Caffeine-infused waffles and maple syrup are being promoted as energizing alternatives to a morning mug of coffee.
But the recent craze of adding caffeine to a range of kid-friendly snack foods — including popcorn, chewing gum, candy bars, mints, Cracker Jacks, jelly beans and ice cream — is raising enough concern that the U.S. Food and Drug Administration (FDA) has launched an investigation of caffeine’s possible health effects on children and adolescents.
The effort, which comes amid the heated debate over whether energy drinks with stimulants are safe for children, marks the agency’s first close look at the world’s most popular psychoactive drug since its use in Cola was approved in the 1950s.
Most healthy adults can safely tolerate moderate doses of 200 to 300 milligrams, which is about two to four cups of brewed coffee, according to the National Institutes of Health. But the U.S. lacks official guidelines or limits for children, whose smaller bodies and developing brains may be more vulnerable to caffeine’s effects, including the risk of physical dependence and addiction.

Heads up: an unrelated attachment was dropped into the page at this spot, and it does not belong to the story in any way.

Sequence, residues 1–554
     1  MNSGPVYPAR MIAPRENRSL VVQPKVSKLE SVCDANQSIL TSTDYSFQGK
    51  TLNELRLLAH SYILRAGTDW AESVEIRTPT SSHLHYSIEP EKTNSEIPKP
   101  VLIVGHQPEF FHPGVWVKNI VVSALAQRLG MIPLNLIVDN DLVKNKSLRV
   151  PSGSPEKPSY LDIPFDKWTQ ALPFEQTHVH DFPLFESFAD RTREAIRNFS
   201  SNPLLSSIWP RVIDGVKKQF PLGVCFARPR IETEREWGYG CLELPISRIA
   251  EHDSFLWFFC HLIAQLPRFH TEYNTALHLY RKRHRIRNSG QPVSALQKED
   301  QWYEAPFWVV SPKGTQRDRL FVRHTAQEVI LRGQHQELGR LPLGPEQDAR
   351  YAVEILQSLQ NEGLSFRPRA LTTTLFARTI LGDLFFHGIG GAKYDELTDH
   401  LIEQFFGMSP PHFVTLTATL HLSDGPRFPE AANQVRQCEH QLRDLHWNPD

Part of what worries the FDA is the changing nature of how caffeine is delivered — through a greater array of products that may appeal to younger consumers and in higher doses than in the past.
Chewing a pack of Jolt Energy Gum, for example, would have effects similar to downing six energy drinks, according to the package. “It’s a question of finding caffeine in new and different places,” said Michael Taylor, the FDA’s deputy commissioner for food. “There are concerns over the perhaps subtle developmental impacts on kids and whether they become regular users of a central nervous system stimulant. What are the cumulative effects?”
Meanwhile, parents can’t necessarily tell how much caffeine kids are getting. Caffeine levels aren’t required to be disclosed on food labels, and if the caffeine occurs naturally — as in tea or cocoa — it isn’t listed among the ingredients.
In the case of energy drinks, many are sold as dietary supplements and don’t have to disclose caffeine levels if the ingredient is part of a “proprietary blend.”